Fatigue Resistance

Fatigue is failure of a material that can occur when there is cyclic loading on equipment, for example, in pumps. It can also occur if there are cycles of temperature or pressure (Towler et al., 2013). When there is cyclic loading, failure can occur at lower stress levels than the normal tensile strength. Fatigue failure is generally very similar to brittle failure with very little plastic deformation (Callister et al., 2011).

Other considerations

There are many other properties to consider while selecting a material. For example, creep is the amount a material deforms while it is under constant tensile stress over long periods of time and can especially be a problem for metals at high temperatures. Other considerations include the ease of fabrication, including welding ability and flexibility, the availability and cost of material, thermal conductivity (which is especially important for equipment like heat exchangers), electrical resistance, and magnetic properties for certain cases (Towler et al., 2013).

Process Considerations

Before choosing a material for a process, basic information must be collected, including temperature, pressure, and chemicals involved. The properties could affect the choice of materials.

Process Temperature and Pressure

In addition to knowledge of the average temperature a process with operate at, the engineer must be aware of the maximum and minimum temperature that could occur. While picking materials, the effect of temperature of material properties must be considered. Higher temperatures generally decrease the tensile strength and elastic modulus of metals (Towler et al., 2013).

Additionally, very low temperatures can cause some materials to brittle fracture. Therefore, if the minimum process temperature is below the minimum allowable temperature for a material, a different material (such as low temperature carbon steel) must be selected. Note that the expected, maximum, and minimum environmental conditions should be considered in addition to internal conditions.

Table 1: Recommended materials for strength at high and low temperatures (Biegler et al., 1997)
High temperature service Low temperature service
Tmax (F) Steel Tmin (F) Steel
950 Carbon steel -50 Carbon steel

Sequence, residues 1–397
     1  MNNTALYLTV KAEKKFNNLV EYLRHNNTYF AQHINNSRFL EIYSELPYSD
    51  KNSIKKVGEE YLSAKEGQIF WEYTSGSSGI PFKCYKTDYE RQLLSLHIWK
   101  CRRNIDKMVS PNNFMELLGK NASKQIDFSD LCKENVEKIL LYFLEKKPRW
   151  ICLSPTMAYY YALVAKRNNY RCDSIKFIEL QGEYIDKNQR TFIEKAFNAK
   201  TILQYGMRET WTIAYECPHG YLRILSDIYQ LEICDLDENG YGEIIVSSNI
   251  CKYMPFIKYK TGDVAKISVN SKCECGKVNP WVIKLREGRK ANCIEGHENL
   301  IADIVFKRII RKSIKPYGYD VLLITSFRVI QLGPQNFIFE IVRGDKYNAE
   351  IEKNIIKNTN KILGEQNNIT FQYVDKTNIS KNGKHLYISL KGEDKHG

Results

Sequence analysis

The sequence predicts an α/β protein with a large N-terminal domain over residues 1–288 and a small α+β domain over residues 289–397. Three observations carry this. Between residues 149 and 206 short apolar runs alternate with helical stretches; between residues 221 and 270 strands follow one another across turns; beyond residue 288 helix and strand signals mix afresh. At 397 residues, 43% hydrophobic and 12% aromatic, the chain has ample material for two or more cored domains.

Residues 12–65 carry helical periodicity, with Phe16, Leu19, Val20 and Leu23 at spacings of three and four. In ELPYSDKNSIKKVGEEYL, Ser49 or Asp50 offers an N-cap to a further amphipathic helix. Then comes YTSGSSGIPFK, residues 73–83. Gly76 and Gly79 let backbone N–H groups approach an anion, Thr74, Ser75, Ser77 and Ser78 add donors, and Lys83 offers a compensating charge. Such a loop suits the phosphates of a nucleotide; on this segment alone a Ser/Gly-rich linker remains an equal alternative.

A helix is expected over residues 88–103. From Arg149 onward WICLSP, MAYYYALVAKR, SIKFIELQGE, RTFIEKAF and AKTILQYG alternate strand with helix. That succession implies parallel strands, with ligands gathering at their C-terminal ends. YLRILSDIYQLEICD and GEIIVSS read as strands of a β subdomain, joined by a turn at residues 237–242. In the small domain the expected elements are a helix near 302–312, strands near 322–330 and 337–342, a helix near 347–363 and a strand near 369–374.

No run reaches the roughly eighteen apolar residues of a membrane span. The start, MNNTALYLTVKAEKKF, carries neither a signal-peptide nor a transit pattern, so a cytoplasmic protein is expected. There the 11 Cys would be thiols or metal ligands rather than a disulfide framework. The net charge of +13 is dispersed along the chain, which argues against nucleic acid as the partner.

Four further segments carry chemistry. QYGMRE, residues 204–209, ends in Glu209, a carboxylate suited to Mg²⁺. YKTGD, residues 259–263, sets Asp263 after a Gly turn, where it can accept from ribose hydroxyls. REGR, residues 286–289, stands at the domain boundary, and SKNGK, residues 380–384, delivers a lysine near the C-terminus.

1300 330 stainless steel -75 Nickel steel (A203)
1500 Stainless steels (304,321,347,316) -320 Nickel steel (A325)
2000 Cast stainless, HC -425 Stainless steels (302,304,310,347)

Similarly, the maximum and minimum pressures must be examined in relation to material properties. Different materials have different tensile stresses which affect that maximum pressure that can be used. When internal pressure is less than external pressure (that is, the process operates in a vacuum), either materials with higher allowable tensile stresses should be used or thickness should be increased.

Corrosion

If a process included certain corrosive chemicals such as oxygen, special allocations must be made for the materials. Additionally, environmental conditions such as salt from a nearby ocean should be considered. If corrosion is expected, the engineer should consider this in the material selection. This could involve picking a material that is naturally corrosive-resistant or by coating the inside of the pipe of equipment. These coatings can be made of paint or other organic coatings, especially for resistance to atmospheric corrosion (Towler et al., 2013). For internal protection, materials can be lined with rubber, glass, stainless steel or various polymers (Ulrich, 1984; Turton et al., 2012).

Types of Corrosion

Uniform corrosion is the most common type of corrosion and is considered the “general wastage of material,” while disregarding other sources of wear. Due to the nature of this type of corrosion, the corrosion rate can be predicted and experimentally determined. Corrosion testing is done to predict the penetration rate in inches per year, and can be expressed by the following equation,